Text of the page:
With the ever-growing, ever-profitable media landscape, you can never let a good idea die. From the mid-90s, until quite recently, one idea you couldn’t escape was Zombies. The flesh-eating corpses have been ridding a creative high of books, films, video games, and of course movies, you could not blink without seeing serious projects or ironic crossovers in the most unlikely places. The 2009 film Zombieland, earned deserved praise, by irreverently examining the tropes of the booming subgenre. In 2013, Amazon tried to adapt the acclaimed zombie film to a smaller screen, with only a pilot as a proof of concept. While fans weren’t as receptive to the idea, the surviving pilot does demonstrate a lot of what made the original so captivating in Zombieland.
After the earth, like in the films, has been ravaged by a zombie plague, we meet a familiar, yet new batch of survivors, who use their destinations as handles, so they don’t get too attached. A couple of months after the apocalypse, the debate of whether the wanderers should settle down in a community with other people is necessary the best course of action. Guided by the On-Star system in their car, our rag-tag group of survivors learn that, sometimes, the best community is each other.
Starting with a slice of early 2010 ‘First world problems’ the audience gets its assurances that the humour of the original will be preserved in the translation to T.V. The elephant in the room is that the likes of Jesse Eisenberg and Emma Stone couldn’t commit to a full T.V. season (or two), the pilot instead relies on more rising stars who could commit to the schedule. The Killing’s Tyler Ross does well as the T.V. equivalent of Columbus, along with The Starving Games, Maiara Walsh is now taking over for Stone here as Wichita, while Kirk Ward does a good job filling in for Tallahassee, as does Izabela Vidovic as Little Rock. It would have been interesting, in the case of this new show, to focus on newer characters, with some new pseudonyms, yet the cast here does feel different enough to their cinematic counterparts as to not feel too jarring, yet retain the established bonds that worked so well before.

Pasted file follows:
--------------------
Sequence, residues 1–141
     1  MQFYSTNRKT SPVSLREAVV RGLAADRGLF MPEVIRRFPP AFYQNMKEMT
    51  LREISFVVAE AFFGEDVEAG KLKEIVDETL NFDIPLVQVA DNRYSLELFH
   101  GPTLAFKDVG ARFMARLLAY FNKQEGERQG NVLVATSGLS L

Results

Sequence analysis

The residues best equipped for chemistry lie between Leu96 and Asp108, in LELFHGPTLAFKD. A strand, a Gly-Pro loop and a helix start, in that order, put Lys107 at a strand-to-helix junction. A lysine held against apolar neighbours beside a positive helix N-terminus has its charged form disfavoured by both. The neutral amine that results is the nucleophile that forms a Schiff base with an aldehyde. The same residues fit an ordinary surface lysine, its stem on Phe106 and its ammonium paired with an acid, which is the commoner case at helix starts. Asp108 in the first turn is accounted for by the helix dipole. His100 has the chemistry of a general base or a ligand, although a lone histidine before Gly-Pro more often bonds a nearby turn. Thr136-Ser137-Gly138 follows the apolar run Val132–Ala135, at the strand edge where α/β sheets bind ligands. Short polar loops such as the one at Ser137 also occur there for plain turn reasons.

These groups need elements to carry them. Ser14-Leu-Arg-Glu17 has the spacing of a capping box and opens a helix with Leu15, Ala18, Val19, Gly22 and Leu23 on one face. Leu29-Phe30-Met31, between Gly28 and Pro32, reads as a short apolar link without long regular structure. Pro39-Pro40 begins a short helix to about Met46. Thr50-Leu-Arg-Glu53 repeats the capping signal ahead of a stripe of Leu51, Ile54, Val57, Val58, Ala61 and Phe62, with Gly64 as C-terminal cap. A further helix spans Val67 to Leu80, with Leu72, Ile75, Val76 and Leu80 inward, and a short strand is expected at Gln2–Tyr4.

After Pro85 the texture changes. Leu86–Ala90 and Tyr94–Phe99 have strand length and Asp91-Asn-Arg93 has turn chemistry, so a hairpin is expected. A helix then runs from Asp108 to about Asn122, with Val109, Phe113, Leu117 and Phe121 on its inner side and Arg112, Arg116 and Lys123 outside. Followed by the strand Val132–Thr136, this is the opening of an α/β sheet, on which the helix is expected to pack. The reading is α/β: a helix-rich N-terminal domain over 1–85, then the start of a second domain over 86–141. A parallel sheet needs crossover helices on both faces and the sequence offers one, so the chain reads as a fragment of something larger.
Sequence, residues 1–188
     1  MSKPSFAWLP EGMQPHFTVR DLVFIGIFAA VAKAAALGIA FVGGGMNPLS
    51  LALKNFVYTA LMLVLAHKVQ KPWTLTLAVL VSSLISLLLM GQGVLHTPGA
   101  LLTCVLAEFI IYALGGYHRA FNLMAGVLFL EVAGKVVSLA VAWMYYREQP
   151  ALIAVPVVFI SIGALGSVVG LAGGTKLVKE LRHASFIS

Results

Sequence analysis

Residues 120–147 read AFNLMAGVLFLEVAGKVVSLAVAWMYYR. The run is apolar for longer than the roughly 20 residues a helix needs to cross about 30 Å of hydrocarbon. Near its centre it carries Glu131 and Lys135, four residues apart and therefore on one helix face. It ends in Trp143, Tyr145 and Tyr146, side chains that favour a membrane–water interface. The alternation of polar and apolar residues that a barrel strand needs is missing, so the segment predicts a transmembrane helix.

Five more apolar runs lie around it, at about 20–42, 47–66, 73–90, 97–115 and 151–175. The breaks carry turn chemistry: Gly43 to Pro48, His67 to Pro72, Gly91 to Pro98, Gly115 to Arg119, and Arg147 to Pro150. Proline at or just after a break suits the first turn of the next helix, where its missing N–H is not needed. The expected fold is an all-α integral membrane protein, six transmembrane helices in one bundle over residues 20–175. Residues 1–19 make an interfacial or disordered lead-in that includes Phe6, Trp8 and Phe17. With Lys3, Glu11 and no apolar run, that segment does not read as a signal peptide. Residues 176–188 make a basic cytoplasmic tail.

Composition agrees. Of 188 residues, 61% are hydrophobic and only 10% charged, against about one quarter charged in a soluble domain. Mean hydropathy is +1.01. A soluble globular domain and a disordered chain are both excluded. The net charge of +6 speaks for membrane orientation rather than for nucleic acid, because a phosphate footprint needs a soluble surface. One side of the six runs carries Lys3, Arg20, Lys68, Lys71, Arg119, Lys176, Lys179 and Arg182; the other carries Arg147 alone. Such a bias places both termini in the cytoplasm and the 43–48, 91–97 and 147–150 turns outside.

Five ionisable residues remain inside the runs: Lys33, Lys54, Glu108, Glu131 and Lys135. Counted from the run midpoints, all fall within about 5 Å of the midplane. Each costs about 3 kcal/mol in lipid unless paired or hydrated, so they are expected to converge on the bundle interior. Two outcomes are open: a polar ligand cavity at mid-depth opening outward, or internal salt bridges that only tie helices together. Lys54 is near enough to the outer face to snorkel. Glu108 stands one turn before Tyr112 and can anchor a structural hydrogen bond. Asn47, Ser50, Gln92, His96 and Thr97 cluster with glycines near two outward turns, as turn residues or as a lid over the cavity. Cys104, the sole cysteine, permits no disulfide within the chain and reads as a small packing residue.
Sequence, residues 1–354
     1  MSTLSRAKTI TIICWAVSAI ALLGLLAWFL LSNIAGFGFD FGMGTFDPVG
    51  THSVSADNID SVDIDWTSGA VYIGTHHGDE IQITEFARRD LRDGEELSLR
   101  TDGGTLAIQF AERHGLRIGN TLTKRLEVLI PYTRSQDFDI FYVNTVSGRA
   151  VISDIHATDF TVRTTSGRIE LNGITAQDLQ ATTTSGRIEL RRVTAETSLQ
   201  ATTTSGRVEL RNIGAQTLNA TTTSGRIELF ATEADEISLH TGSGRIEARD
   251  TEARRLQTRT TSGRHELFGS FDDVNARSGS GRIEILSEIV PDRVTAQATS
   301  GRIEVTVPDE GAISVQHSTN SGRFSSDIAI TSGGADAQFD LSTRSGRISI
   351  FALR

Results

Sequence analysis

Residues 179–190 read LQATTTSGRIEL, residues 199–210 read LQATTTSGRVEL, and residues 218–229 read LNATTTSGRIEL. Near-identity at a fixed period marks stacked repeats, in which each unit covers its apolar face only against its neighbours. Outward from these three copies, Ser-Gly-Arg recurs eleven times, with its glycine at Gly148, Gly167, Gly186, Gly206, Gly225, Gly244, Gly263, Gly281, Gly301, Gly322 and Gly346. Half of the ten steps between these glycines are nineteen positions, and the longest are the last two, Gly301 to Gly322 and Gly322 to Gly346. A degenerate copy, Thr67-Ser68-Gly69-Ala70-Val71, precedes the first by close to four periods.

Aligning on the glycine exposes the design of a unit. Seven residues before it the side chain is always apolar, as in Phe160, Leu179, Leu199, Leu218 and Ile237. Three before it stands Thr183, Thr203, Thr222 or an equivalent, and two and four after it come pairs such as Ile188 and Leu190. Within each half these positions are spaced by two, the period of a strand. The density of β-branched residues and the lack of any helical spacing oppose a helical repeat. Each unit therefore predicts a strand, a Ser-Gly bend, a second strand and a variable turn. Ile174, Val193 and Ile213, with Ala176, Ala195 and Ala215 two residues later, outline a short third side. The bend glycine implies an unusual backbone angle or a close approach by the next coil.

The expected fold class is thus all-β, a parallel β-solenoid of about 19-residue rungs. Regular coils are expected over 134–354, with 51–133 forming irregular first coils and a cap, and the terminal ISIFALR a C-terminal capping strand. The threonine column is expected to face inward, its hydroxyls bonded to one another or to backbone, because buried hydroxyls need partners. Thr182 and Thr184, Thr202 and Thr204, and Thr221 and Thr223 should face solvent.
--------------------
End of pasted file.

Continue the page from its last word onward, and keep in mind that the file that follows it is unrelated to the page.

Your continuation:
Some cosmetic changes are welcomed here, we learn that Tallahassee is a sandwich delivery, that has found new life in the apocalypse. Fresh change does come from new characters like Detroit, who carries on her vigil as the lone On-Star operator that helps the group to find a place for them to call home. It is these changes that do a lot to dispel the notion that Zombieland is just a carbon copy of the original. Yet, those worried that this project would be related in name only. Some scenes are outright hilarious, playing to the film’s warped slapstick humour, the sequence where they visit the old couple’s home is a memorable example of the comedy that made Zombieland an initial success.
Zombieland in its under 30-minute pilot preserved the great premise and showed that the charm of the original does not entirely rest on the stellar cast’s shoulders. The Pilot’s novel ideas that, at the same time, were familiar to the original spirit, yet not entirely carbon copies. If you want some more witty exploration of the flesh-munching corpses or exploration of the concepts of friends and family, Zombieland’s sole episode makes for a more bite-sized rendition of the beloved zombie property.
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